Maple Syrup's Whole World Is Changing

Alex Van Buren
Food Features Editor
February 3, 2014

Photo: StockFood

Maple syrup has had a rough go of it lately.

NPR’s The Salt—which apparently counts among its reporters at least one waffle obsessive—has run two stories on the stuff in the last week: one on a sap discovery and another on grade inflation. And last September, the final member of a “maple syrup gang" responsible for an $18 million Canada sap theft was arrested.

What is going on out there? 

The Way It’s Graded Has Changed

Vermont no longer uses the grading system of A (light, medium, and dark ambers, representing a spectrum of light-to-medium flavor), and B (a robust, richer taste). Now, it’s labeling all syrup “grade A” across the board, classified from Grade A Golden (Delicate Taste) to Grade A Very Dark (Robust Taste). Not everyone is pleased. 

"Well, I think it’s kind of dumb," said Sandy Gebbie of small Greensboro, Vermont producer The Gebbies’ Maplehurst Farm. “What it’s doing, in my opinion is, there are big producers and there are little producers… when all of Vermont adopts it, [the big producers] can market more freely globally.” Gebbie thinks the new labels will confuse her customers: “I’ve been at this for 35 years. I’m going to have to start all over again, saying ‘Gee, you’d like ‘robust’ flavor’?”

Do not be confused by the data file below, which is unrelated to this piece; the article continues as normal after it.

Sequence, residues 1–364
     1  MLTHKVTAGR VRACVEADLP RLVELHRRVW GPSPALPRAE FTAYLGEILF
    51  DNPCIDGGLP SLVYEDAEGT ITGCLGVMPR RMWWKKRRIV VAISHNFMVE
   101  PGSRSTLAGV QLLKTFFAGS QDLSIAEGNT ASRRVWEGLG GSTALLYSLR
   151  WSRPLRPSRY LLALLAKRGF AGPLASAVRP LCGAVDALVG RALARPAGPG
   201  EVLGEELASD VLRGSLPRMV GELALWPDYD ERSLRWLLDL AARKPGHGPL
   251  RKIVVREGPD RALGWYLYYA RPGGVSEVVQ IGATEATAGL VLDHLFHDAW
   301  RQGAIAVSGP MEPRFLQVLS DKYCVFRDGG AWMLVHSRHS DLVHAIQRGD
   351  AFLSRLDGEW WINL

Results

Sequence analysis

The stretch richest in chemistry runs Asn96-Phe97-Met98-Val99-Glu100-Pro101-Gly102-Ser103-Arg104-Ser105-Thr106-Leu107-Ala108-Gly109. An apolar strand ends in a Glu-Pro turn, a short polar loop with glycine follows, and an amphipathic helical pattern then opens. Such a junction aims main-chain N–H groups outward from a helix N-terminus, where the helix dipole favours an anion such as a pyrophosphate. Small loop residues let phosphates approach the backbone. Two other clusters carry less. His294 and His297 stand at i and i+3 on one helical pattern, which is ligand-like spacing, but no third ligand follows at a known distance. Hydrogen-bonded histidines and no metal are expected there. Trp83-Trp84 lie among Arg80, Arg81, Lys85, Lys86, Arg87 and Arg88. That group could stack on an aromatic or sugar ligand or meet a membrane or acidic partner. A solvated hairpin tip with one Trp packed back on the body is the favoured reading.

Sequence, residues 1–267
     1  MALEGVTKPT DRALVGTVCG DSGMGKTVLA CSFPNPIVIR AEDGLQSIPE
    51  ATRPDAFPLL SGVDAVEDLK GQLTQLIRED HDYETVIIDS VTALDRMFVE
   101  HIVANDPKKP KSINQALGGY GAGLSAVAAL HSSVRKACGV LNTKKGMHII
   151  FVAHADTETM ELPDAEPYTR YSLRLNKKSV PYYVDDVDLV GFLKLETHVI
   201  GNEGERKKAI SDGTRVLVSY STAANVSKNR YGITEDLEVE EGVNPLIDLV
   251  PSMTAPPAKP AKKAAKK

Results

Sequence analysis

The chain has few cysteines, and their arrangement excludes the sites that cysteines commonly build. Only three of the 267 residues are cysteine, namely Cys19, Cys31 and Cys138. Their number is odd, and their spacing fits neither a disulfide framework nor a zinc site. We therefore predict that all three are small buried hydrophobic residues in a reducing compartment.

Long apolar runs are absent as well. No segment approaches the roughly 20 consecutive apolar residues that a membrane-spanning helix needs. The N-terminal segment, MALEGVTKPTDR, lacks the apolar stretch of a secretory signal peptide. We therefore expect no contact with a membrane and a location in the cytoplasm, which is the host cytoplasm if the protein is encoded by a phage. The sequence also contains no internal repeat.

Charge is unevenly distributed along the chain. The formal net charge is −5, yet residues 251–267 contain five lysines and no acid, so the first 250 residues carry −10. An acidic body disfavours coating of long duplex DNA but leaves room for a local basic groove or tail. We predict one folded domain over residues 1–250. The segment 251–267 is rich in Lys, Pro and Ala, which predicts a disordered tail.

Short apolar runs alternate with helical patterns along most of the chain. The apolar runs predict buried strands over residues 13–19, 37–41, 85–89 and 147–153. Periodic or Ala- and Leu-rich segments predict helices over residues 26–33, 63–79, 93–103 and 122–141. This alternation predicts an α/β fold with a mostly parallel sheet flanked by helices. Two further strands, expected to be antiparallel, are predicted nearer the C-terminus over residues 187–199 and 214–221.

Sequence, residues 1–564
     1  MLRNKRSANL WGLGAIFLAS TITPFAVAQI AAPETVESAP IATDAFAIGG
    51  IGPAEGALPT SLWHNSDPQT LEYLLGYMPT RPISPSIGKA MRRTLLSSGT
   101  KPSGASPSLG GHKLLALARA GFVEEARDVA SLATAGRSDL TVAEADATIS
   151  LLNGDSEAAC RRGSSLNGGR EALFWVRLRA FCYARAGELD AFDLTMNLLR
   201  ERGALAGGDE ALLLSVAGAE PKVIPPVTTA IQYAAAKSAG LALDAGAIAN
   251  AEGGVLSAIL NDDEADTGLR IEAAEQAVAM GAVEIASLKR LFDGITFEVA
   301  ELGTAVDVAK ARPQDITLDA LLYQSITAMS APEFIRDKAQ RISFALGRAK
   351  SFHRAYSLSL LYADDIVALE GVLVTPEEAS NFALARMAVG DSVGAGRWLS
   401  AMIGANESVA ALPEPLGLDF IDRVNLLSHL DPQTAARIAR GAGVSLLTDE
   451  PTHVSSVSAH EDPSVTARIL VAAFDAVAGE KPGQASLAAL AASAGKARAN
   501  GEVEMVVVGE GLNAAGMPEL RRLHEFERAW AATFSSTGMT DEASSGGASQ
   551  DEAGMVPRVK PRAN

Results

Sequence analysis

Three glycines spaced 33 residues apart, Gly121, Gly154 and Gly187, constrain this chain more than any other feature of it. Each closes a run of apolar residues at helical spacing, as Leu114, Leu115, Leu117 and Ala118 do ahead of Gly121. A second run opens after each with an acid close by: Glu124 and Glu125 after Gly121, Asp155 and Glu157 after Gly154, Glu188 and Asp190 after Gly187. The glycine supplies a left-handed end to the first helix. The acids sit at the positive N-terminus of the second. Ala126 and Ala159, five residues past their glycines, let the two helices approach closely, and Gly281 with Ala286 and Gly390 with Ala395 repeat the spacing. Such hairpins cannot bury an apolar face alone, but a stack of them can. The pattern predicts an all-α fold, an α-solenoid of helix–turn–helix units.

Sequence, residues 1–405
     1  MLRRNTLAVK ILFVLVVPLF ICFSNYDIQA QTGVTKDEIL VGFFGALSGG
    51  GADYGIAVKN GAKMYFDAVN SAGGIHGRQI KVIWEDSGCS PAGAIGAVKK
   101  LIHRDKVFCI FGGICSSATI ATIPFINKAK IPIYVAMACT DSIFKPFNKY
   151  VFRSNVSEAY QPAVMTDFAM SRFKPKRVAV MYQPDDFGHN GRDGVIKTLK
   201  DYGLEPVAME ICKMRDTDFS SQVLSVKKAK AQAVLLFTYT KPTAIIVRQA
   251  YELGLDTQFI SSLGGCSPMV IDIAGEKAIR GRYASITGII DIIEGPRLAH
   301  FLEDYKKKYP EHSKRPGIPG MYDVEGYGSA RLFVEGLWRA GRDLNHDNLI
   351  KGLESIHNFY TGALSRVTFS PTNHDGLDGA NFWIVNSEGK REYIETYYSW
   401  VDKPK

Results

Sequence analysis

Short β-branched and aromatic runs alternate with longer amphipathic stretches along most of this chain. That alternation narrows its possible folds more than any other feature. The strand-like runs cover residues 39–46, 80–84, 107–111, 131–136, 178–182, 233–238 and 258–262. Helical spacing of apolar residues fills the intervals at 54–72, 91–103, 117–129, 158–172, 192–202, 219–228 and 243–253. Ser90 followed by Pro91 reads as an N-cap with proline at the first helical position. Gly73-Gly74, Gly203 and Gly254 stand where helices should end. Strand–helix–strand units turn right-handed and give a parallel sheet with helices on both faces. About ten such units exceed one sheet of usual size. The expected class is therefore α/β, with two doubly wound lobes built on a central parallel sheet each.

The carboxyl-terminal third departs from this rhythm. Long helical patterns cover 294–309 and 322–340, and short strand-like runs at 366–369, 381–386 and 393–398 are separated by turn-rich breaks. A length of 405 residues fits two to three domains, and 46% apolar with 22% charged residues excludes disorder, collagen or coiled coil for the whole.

The state has until the end of 2014 to adapt to the new rules, according to Gebbie, so we’ll be snapping up as much of the old-school Grade B bottles as we can, while we can. 

The Way It’s Harvested Has Changed

It’s possible that the current method for how to tap trees trees is a myth. “The time-honored method calls for inserting a tap near the bottom of a tall, mature maple tree,” reports NPR, because it’s thought that sap flows from the top of a tree to its bottom. But recent research suggests that not only do young saplings produce sap, but those with their tops lopped off do, too. “They capped them with a tube and put them under vacuum pressure,” NPR reports. “The small trees produced large amounts of sap, proving you don’t need old trees to make syrup.” The mystique of the old, thickly forested syrup forest could soon be lost to ugly, gangling groups of little crown-less trees.

The Way It’s Used Has Changed

Savory uses for maple syrup are on the rise, whether it’s in a chicken recipe, a cocktail or even a grilled cheese. As far as we’re concerned, it’s less pungent and much more flexible than honey.